BHP Billiton

Lai See

PUBLISHED : Saturday, 16 February, 2008, 12:00am
UPDATED : Saturday, 16 February, 2008, 12:00am


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Chinalco's ore inspiring Rio move is blessed by the stars

Will Chinalco and Alcoa succeed in blocking BHP Billiton's attempt to acquire Rio Tinto?

We consulted the horoscope for insight. We were bemused to see that the memorandum of understanding for the Sino-US alliance filed with the Australian Stock Exchange referred to Rio Tinto as 'Scorpio' and Chinalco as 'Cancer.'

So how would the two stars get along? According to, they will be a perfect match for a long-lasting relationship.

'Cancer makes Scorpio feel secure. This relationship has great intimacy, intensity and depth,' it said. 'Both are jealous but the heat in the bedroom will cool the disputes.'

We will watch with interest what develops in Rio Tinto's bedroom, oops, broadroom (our apology for reading too much pictorial news about stars lately). A good code name for action just might help Chinalco win the courtship.

Cold reality for shareholders

About five years ago, when Prince Richard's PCCW made a move on London-based Cable & Wireless, his project codename was 'coyote', with PCCW being 'puma'. Unfortunately he was a bad hunter.

Now, what about his latest move - privatisation of his property flagship Pacific Century Premium Development, to whose minority shareholders he offered HK$2.64 billion to buy them out?

To find out more, we went on a field trip to Hokkaido and secretly visited his Hanazono Ski Resort, which PCPD bought five months ago and promised to turn into the Whistler of Japan.

It would be difficult for PCPD shareholders not to appreciate how Prince Richard had stolen a deal for them.

Even a non-skier such as Lai See was impressed by the abundance of natural powder snow.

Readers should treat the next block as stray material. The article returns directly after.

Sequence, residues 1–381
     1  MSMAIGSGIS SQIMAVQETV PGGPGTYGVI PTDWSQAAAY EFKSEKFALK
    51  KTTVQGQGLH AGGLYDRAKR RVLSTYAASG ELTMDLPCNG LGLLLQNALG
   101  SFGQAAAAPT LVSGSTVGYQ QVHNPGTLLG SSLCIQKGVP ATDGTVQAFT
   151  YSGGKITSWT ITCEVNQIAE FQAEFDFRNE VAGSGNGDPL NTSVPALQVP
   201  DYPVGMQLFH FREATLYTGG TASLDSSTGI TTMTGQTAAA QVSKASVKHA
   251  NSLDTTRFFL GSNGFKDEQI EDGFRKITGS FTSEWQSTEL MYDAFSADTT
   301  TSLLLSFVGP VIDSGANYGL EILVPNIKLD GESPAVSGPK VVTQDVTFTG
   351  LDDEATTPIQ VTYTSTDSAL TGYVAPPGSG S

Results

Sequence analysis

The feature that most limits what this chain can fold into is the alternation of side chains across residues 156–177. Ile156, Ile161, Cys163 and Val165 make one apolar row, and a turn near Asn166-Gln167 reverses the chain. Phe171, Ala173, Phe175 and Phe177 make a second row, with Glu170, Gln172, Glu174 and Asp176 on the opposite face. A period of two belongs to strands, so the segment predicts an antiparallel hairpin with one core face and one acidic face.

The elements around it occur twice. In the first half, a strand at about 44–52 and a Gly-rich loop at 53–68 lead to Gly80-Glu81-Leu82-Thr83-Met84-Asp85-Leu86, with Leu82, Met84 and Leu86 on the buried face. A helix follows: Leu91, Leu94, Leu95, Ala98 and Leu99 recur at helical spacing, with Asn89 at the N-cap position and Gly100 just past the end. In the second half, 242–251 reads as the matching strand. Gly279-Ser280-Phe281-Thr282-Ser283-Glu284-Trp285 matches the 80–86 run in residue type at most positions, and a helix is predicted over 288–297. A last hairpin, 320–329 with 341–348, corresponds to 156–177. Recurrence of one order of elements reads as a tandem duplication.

On the other hand, in an area almost five times as big as Cyberport, Lai See found only a cafeteria, a ski equipment rental shack and more than 300 skiers (mostly foreigners, including a handful of Chinese), but nothing else.

For the time being, skiers are opting for the better-equipped Niseko resort, only 10 minutes' drive away.

Still, investors should not dismiss Hanazono too soon as a promising project. Hokkaido is the destination of choice for Hong Kong's middle class to vacation.

And the resort's pricing is still hugely discounted to locations in Europe or North America. A ski-buff banker told us Hanazono was like Whistler in the 1980s, 'and you would not want to miss the property run in the next 10 years.'

Of course, investing in Prince Richard's companies could be more fun and challenging than skiing because he always comes up with interesting business ideas, although perfect execution tends to elude him.

So PCPD's major shareholders may have to go down a bumpy road.

Rock-solid credentials

There are a dozen or two tiny listed companies in Hong Kong aspiring to become miners (for good money). How can one stand out?

Find a geologist. China Strategic Holdings yesterday named Kong Chi-seng as chief geologist, along with the appointment of a chief executive.

Mr Kong is said to have 20 years' experience in mining and management, and holds geologist licences in Europe, the United States, Australia and Hong Kong.

Cutting the deck again

It appears that our revenue forecast for Stanley Ho Hung-sun's casino did not sit well with a few Macau readers.

We quoted a Macau Daily report saying the Grand Lisboa, which attracted more than 10 million visitors in its first year, recorded revenue of HK$70 million in the first 10 days of this month.

We were told by sources that this figure might have been only for the 10th day of the month, not all 10 days. No other casinos noted any under-reporting.